Hello, my dears!

TGIF, indeed.

I’m here to discuss one of my most frequent reader questions. So frequent, in fact, that I’ll forgo sharing a reader email and simply paraphrase the many I’ve received: how important is it to shop organic?

On Monday, I included a guest post from the wonderful Melody, who, earlier this year, undertook the incredible task of feeding a family of three on $3.33 a day. In her post, Melody alludes to an ethical quandary with which I’m all too familiar: the struggle to reconcile oneself to not shopping organic 100% of the time.

Let me make one thing clear: in a perfect world, I’d eat only organic food (well, in a perfect world there would only be organic food). From a health standpoint, local and organic foods are most health-generating. They’re also the most ethically sound, as far as I’m concerned.

Of course, we’ve all debated the exceptions: conventional apple from a local farm vs. organic apple from Chile? In these debates, I tend to favor local foods, but I respect both arguments. For the most part, I’ll keep it simple and say this: organic food is preferable to non-organic most of the time, and if I could, I would eat it exclusively.

But this is not a perfect world, and I am not working in a lucrative profession. If you have the means to eat organic and local all the time, terrific: do it. It’s a far worthier investment than fancy clothes, shoes, cars, technology, and the like. What, after all, is more important than what we put in our bodies?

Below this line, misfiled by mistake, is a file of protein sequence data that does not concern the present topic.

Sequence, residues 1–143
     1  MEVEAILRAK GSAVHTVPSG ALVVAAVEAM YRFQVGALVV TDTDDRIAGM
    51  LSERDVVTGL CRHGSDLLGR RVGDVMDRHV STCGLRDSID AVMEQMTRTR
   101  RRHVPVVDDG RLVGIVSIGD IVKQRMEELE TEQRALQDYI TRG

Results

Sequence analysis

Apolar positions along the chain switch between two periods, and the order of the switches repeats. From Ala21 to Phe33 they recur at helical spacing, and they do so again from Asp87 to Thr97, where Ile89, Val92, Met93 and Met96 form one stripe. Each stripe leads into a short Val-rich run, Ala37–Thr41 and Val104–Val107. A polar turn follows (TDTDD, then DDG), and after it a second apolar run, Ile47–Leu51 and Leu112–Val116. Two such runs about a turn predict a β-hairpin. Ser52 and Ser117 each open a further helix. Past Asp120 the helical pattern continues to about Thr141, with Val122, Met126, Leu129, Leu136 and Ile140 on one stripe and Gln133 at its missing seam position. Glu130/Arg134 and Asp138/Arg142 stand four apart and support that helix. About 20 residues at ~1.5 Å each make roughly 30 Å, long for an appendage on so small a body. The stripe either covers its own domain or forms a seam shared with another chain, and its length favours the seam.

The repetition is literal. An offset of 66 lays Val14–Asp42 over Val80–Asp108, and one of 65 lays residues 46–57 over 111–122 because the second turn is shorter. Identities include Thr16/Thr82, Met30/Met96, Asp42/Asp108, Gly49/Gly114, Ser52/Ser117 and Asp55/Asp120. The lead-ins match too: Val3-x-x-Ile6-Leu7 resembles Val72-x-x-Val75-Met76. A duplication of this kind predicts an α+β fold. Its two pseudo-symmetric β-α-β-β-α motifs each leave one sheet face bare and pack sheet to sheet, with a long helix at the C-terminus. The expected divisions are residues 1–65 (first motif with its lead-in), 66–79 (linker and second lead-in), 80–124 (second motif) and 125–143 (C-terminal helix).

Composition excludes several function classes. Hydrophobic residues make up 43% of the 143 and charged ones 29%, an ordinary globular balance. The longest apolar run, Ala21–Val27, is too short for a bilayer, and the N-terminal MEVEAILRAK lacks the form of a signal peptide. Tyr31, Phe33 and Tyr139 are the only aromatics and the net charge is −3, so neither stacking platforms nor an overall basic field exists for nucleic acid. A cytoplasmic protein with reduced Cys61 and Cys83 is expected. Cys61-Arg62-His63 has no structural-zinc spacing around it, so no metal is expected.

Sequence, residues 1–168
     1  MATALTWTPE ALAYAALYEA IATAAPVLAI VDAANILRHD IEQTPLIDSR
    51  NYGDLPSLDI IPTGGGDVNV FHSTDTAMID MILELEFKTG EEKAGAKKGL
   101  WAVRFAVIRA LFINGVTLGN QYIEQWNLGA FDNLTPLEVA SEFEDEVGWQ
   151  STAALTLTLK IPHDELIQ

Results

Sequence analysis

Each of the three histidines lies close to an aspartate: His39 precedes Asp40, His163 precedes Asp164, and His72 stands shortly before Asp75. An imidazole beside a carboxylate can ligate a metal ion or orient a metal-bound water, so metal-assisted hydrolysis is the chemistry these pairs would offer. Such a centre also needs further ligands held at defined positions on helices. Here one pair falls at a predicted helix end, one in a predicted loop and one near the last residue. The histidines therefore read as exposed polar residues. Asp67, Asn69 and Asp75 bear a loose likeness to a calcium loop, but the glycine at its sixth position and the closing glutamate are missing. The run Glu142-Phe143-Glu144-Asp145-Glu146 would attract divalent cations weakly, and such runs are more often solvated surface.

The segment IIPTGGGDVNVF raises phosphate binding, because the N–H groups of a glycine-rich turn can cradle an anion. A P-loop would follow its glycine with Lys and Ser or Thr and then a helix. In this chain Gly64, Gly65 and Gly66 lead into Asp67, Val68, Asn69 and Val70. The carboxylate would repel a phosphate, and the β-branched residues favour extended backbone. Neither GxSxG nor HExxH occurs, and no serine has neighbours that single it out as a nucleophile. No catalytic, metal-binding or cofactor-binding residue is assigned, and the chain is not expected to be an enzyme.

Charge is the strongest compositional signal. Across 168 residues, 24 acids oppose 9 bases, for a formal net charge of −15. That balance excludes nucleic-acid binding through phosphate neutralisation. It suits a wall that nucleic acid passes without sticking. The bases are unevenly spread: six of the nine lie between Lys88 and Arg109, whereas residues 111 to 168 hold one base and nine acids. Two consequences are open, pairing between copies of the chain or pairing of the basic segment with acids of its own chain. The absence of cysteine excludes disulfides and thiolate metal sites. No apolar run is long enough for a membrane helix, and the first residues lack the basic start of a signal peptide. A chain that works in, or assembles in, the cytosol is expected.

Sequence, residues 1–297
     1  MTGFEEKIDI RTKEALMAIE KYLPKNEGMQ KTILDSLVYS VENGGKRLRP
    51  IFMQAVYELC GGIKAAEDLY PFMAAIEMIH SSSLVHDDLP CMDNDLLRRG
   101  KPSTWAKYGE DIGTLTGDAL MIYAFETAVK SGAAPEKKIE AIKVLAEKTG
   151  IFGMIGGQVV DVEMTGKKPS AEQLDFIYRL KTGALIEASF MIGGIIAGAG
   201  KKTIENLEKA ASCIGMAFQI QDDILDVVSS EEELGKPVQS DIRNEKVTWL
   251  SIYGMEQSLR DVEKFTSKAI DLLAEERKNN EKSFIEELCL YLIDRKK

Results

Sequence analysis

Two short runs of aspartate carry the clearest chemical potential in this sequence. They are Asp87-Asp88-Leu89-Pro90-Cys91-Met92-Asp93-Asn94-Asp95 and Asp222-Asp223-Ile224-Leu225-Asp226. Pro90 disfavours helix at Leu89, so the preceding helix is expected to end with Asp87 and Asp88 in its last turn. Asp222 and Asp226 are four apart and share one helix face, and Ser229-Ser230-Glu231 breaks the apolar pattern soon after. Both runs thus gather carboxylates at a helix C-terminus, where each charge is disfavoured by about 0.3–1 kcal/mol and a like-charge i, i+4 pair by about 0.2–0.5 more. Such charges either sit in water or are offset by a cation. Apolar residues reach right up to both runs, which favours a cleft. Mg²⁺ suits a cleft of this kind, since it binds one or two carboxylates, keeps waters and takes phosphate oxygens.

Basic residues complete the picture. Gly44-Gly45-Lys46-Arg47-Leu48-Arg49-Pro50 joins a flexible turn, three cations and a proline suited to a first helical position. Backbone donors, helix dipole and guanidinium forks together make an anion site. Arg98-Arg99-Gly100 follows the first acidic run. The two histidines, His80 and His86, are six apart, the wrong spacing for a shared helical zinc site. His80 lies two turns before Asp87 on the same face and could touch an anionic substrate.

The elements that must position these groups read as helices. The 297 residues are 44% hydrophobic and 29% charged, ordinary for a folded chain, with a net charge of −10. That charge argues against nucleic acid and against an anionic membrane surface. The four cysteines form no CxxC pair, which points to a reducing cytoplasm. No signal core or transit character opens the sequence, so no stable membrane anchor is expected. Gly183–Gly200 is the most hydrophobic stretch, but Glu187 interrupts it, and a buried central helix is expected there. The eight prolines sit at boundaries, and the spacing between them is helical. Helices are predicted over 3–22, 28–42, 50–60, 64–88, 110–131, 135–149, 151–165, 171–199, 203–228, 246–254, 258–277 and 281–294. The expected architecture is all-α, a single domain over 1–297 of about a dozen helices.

If you are, like me, living on a budget, eating organic 100% of the time (such as the $5.63 red pepper I picked up the other night, and immediately put back when I heard its price) simply isn’t an option. And this is where you must begin a series of internal negotiations. My own such negotiations have yielded this solution:

I always shop organic for the dirty dozen—that is, the vegatbles most prone to pesticide contamination. Those are:

•    Apples
•    Cherries
•    Grapes, imported (Chili)
•    Nectarines
•    Peaches
•    Pears
•    Raspberries
•    Strawberries
•    Bell peppers
•    Celery
•    Potatoes
•    Spinach

If something’s too expensive within this column (like those bell peppers) I either a) try to find it at a farmer’s market, or b) just live without it, and get something else that week.

For those veggies that are least susceptible:

•    Bananas
•    Kiwi
•    Mangos
•    Papaya
•    Pineapples
•    Asparagus
•    Avocado
•    Broccoli
•    Cauliflower
•    Corn
•    Onions
•    Peas

I nearly always buy conventional. Once again, though, if I can buy them at the farmer’s market, I will. The farmer’s markets in NYC are—at least in my experience—cheaper than grocery stores, which means that organic produce from them will be less pricey for me, anyway. Score!

For those veggies that appear on either list? It depends. I’ll try to buy everything from the farmer’s market, but if a food I need/want isn’t available, I’ll use my judgment at the health food store about whether to go organic or non. This will often depend on my budget for the week; on weeks when I have more disposable income, I’ll shop organic; if I can’t, I don’t become riddled with guilt. I’m human, and I do my best; a clean lifestyle and positive outlook and physical activity are the greatest gifts I give my health. Organic foods are another great gift, but they’re secondary to those first three, and they are contingent on my means. A few non-organic foods won’t undo all the clean things I put in my body.